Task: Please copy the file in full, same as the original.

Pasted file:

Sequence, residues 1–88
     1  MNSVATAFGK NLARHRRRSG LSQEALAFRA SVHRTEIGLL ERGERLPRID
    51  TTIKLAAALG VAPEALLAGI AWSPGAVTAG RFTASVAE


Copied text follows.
Sequence, residues 1–88
     1  MNSVATAFGK NLARHRRRSG LSQEALAFRA SVHRTEIGLL ERGERLPRID
    51  TTIKLAAALG VAPEALLAGI AWSPGAVTAG RFTASVAE